GAO:

Transformation Challenges, and Opportunities

GAO-03-1167T: Published: Sep 16, 2003. Publicly Released: Sep 16, 2003.

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Congress sought GAO's views on GAO's accomplishments, challenges, and opportunities for its oversight hearing. It also sought GAO's views on its latest human capital proposal, which has been introduced in the Senate as S. 1522.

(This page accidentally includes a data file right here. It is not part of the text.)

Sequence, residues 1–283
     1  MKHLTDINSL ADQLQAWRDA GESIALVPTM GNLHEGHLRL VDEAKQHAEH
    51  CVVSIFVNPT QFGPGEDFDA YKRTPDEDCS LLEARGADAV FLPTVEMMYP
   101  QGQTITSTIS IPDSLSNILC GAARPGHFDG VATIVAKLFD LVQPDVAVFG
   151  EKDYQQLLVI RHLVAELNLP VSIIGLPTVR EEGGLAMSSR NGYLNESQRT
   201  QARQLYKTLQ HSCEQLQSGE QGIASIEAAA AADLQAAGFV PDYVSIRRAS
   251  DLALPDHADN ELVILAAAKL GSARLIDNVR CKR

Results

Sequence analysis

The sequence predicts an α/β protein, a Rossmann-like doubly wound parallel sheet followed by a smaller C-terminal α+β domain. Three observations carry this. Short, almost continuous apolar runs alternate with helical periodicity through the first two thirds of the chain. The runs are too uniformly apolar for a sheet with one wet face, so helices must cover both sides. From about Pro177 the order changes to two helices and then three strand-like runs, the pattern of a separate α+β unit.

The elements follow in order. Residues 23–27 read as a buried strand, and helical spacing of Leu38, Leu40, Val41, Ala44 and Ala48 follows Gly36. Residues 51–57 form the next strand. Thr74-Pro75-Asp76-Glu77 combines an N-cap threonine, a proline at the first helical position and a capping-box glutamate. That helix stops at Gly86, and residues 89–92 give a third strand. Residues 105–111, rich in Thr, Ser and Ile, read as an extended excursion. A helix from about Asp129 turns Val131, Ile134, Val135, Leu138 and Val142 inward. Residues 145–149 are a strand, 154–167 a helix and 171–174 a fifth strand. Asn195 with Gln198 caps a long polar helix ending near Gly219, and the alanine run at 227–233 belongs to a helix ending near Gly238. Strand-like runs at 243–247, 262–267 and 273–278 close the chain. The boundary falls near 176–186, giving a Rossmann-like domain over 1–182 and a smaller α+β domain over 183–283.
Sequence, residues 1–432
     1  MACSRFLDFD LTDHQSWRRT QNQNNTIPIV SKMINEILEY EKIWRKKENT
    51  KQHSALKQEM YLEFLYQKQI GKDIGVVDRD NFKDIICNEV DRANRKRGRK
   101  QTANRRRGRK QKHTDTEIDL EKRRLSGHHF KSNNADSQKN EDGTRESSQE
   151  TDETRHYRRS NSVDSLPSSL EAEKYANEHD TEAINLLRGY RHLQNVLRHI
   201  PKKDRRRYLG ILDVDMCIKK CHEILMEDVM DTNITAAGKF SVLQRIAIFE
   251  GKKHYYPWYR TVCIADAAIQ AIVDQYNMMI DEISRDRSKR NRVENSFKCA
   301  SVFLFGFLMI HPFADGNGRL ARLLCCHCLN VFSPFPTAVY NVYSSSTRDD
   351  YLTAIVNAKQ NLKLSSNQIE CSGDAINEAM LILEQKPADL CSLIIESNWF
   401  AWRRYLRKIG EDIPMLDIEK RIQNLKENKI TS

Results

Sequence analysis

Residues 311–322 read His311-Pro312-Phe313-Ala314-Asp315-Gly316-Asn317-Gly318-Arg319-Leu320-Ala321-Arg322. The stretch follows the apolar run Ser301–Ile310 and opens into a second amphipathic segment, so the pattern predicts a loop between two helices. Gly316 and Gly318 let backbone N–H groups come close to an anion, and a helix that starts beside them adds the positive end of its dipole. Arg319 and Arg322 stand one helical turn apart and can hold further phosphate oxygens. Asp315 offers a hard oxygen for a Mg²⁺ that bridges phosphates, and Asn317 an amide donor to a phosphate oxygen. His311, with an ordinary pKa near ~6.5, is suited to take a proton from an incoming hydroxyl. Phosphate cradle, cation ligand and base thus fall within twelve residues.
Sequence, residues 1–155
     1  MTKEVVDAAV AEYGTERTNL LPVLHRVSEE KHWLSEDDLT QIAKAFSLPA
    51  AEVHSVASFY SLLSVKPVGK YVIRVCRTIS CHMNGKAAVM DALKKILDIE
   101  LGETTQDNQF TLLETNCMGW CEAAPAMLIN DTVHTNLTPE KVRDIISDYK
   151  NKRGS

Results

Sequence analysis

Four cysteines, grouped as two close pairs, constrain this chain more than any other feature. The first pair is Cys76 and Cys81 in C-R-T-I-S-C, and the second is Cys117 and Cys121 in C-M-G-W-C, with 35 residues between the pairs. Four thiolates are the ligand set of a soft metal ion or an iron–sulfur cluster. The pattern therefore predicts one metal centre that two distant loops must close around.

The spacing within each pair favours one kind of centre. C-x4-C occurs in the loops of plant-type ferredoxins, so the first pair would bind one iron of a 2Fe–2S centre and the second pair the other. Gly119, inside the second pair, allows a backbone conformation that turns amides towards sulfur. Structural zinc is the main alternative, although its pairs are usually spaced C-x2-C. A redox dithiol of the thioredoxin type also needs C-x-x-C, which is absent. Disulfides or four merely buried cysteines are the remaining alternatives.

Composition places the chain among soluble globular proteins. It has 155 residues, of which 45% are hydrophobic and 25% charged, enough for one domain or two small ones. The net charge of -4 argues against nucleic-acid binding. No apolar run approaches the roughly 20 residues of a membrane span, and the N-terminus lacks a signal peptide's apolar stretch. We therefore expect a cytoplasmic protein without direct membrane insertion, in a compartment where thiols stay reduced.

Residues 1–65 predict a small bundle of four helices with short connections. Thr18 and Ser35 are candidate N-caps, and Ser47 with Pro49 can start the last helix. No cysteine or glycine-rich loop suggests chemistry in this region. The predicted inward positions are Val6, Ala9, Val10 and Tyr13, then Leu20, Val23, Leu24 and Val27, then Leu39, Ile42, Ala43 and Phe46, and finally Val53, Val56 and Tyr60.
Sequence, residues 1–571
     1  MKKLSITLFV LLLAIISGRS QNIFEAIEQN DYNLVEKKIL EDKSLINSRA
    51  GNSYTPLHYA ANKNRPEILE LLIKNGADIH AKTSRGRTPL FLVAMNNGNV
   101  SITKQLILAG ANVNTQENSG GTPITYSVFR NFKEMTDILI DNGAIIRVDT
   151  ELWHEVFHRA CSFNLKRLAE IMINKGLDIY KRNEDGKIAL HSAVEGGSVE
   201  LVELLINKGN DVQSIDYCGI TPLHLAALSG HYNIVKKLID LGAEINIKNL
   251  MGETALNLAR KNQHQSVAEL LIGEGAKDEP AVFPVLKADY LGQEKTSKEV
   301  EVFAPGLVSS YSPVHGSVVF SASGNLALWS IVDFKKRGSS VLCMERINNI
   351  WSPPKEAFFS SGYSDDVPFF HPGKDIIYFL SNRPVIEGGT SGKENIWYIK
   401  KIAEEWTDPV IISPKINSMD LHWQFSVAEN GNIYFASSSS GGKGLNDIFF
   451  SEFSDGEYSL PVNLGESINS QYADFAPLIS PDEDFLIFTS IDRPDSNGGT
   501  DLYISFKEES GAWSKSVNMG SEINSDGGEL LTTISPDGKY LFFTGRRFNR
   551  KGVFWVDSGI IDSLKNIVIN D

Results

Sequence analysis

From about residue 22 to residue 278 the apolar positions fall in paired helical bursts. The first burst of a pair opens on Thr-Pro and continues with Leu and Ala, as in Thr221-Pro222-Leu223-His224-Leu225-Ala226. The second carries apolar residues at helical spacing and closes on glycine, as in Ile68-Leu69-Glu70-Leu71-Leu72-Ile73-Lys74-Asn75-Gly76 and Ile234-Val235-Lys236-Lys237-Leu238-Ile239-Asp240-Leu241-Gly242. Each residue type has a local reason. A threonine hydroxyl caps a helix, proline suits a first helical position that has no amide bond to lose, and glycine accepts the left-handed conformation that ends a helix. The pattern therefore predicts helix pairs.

As an arm of the legislative branch, GAO exists to support the Congress in meeting its constitutional responsibilities to improve the performance and ensure the accountability of the federal government for the American people. Established in 1921 by the Budget and Accounting Act to follow the federal dollar and ensure that it is spent in an economical, efficient, and effective manner, GAO has evolved over its 82-year history to meet the changing needs of the Congress and the nation. Faced with a budgetary reduction in the mid-1990s that had to be implemented over a 2-year period, GAO undertook measures that, while necessary, also increased the risk that the agency would not be positioned well to serve the Congress in the future. To effectively position itself for the future, GAO has been undergoing a major transformation effort over the past 4 years that even in the best of organizations takes 7 or more years to implement. Based on its strategic plan developed in consultation with the Congress, GAO's effort is focused on three specific areas: achieving results, serving the client, and investing in people. GAO has realigned the agency to eliminate a management layer, consolidate 35 issue areas into 13 teams, and reduce its field offices from 16 to 11. Today, GAO is a significantly smaller organization--40 percent smaller than in 1992--with slightly over 3,250 staff on board. GAO has worked with its appropriations committees to obtain targeted funding for such particularly acute risk areas as human capital and information technology. GAO also launched a range of internal and external initiatives that have helped it become more strategic, results-oriented, partnerial, integrated, flexible, responsive, employee oriented, and externally focused. Since 1998, GAO's work has produced a steady increase in financial benefits and non-financial benefits including many improvements in government operations. For example, in fiscal year 2002, GAO's work helped achieve $37.7 billion in financial benefits--a $88 return for every dollar invested in GAO. In addition, GAO's work informed the debate and the resulting legislation relating to such areas as our nation's national security, homeland security, economic security, and the financial security of Americans. GAO faces a number of challenges. Issues that GAO is either watching closely and/or believes require congressional attention include supply and demand imbalances, unfunded mandates, access to records, the Deputy Comptroller General selection process, performance and accountability community coordination, and additional bid protest volume. S. 1522, the GAO Human Capital Reform Act of 2003, which mirrors H.R. 2751, which has been marked-up and reported to the full House Government Reform Committee, is urgently needed to help address GAO's challenges. Some specific initiatives that the Comptroller General plans to focus on for the future include helping the Congress address challenges relating to the long-term fiscal outlook, transforming government and how government does business, and making GAO the federal employer of choice and the gold standard for a world class professional services organization.

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